• puzzlegut
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<BLOCKQUOTE><font size="1" face="Verdana, Arial, helvetica">quote:</font><HR>Originally posted by Ken Layton:
Color cameras require alot more ambient light than a B&W camera to get a good picture.<HR></BLOCKQUOTE>

If color cameras needs a lot of light, does that mean they do not work well in the middle of the night? What happens if someone broke into the theater in the middle of the night? Does that mean the color cameras would be unable to pick up a picture of the person who breaks into the theater?
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Re: Security Cameras 06 Jun 2004 09:07 #24467

  • jimor
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No, color cameras do not work well in low light conditions since, for complex reasons, both cameras and the human eye need lots more light (lumens) to properly render color. This is why b&w cameras are better at night, and there are specialty cameras designed to see especially well in low light. We have all heard of 'night vision' goggles which are actually electronic Light Amplifiers, but just how practical these expensive amps are for commercial camera use is debateable. The image they render is rather like that of the infra-red cameras and monitors in that it is a false color generated electronically, hence not really able to identify colors. Their images are usually varying shades of green.

Probably the best way for someone determined to have cameras record the entry of crooks, is to use automatic turn on of sufficient lights to allow a regular camera to see, but then one might as well use a standard burglar alarm to scare away the burglar, one hopes. Such would also notify the owner and police, of course. Would the camera then record nothing if the miscreant ran away before entry? Would the cameras/recorders then be rendered supurfluous? One would have to ask himself just what good a camera would be under such circumstances. Would the vandals/thieves be able to tour the theatre during regular hours and see the placement of the cameras and perhaps be able to get behind them then to disable them? Would they be able to get to them upon entry and spray paint their lenses before any real pictures could be taken? Would the illegals be able to gain entry to the place where the video recorder is housed so as to disable/steal it before it could be used against them?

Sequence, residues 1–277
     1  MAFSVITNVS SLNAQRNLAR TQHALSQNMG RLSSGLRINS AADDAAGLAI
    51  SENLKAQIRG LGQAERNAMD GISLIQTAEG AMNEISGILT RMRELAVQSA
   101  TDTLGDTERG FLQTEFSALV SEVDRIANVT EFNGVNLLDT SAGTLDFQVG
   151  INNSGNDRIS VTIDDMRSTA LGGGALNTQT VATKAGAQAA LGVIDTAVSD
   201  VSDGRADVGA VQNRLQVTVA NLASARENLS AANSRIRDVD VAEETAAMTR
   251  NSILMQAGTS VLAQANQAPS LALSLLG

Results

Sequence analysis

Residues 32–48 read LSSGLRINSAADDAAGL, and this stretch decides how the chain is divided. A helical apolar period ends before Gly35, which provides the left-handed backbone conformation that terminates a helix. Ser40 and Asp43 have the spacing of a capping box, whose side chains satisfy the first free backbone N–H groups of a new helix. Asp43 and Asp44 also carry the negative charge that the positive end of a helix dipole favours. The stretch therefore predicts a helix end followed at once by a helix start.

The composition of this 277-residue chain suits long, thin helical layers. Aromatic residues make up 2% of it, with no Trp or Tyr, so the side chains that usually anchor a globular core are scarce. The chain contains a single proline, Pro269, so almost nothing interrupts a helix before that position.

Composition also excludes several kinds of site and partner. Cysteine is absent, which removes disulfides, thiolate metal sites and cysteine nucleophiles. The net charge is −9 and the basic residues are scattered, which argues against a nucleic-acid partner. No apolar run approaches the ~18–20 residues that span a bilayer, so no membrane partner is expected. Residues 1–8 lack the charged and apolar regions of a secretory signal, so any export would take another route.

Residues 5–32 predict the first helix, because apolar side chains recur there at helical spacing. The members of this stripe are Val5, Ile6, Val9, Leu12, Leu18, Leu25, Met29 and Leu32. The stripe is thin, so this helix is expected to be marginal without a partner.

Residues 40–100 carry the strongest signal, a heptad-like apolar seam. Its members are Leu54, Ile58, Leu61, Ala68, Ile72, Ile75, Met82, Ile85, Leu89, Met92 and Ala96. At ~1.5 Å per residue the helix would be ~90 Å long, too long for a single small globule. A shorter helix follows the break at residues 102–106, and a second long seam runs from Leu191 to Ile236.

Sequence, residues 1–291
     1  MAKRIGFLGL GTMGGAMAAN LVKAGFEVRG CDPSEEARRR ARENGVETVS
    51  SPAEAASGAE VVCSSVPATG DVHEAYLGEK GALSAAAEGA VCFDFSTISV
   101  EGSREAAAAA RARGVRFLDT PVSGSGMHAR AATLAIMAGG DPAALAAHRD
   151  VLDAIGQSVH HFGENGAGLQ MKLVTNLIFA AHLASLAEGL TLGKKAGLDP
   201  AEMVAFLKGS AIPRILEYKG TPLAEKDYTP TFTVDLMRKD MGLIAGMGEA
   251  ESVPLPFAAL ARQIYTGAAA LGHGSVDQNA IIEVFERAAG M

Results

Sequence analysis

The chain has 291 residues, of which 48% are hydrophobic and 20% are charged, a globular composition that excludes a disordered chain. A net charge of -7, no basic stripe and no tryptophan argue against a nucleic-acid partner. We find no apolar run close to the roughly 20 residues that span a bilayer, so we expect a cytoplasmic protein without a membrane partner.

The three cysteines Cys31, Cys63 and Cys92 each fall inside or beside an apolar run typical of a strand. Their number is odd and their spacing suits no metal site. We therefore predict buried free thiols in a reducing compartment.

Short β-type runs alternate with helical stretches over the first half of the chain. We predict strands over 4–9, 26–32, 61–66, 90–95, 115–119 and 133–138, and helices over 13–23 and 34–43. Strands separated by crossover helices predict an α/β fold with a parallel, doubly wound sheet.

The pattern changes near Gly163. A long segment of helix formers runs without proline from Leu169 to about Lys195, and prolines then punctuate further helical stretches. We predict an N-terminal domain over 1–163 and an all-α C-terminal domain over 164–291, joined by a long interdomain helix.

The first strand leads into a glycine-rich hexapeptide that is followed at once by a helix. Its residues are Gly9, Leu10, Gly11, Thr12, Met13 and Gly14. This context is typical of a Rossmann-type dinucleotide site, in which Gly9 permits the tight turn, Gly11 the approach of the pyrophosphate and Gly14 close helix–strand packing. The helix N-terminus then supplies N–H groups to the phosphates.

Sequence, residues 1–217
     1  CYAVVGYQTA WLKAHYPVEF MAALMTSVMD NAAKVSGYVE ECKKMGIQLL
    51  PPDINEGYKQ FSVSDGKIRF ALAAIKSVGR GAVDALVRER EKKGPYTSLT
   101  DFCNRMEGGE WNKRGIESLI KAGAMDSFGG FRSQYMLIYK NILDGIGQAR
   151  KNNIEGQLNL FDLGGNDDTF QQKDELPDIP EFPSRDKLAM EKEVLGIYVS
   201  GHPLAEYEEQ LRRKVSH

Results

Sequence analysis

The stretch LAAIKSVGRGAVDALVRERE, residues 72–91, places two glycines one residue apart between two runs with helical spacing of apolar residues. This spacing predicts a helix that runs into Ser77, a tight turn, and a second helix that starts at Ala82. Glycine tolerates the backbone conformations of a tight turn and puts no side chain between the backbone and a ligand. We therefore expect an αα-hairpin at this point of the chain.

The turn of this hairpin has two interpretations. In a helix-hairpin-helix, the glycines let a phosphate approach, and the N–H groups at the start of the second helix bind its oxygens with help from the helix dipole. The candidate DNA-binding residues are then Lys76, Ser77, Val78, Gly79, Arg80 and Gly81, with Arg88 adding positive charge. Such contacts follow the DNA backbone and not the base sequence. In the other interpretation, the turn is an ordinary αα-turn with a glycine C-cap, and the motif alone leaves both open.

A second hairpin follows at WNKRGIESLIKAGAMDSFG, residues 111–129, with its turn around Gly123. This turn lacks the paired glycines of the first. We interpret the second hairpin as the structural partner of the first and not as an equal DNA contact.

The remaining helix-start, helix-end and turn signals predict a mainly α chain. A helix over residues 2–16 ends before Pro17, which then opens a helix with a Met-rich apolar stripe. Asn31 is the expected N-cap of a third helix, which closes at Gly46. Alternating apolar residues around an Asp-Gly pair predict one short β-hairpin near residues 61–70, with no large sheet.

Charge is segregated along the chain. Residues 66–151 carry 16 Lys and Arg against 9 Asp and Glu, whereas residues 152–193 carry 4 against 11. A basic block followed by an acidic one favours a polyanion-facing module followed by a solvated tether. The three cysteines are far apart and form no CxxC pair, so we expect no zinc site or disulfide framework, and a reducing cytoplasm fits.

It would seem from the foregoing that it is probably best to use a standard burglar alarm set up in preferance to cameras, or at least in conjunction with them. Some people have installed large, dummy cammeras in plain view to act as disposable targets, while hidden cameras do the real work, but then this means that all wiring must be well hidden too. And what if the crooks disable power to the theatre before entry? Is everything on back-up batteries? How long will they last in serving all security equipment? If infra-red cameras and recorders are used to get around the low light conditions, perhaps it is better to use ACTIVE Infra-red where infra-red lights are placed to activate during darkness or when the burglar alarms go off. Such light would be invisible (or nearly so) to the average crook not expecting such, though experienced criminals do have ways of detecting infra-red and avoiding it.

There is no such thing as a foolproof security system, sad to say, but a careful exhibitor will go through some cost/benefit analysis to secure his investment, and likely his insurance carrier will give him some reduction in premiums if a suitable system is installed with the comapany's approval. It may pay to check into it.
Jim R. (new E-mail: This e-mail address is being protected from spambots. You need JavaScript enabled to view it ) member: www.HistoricTheatres.org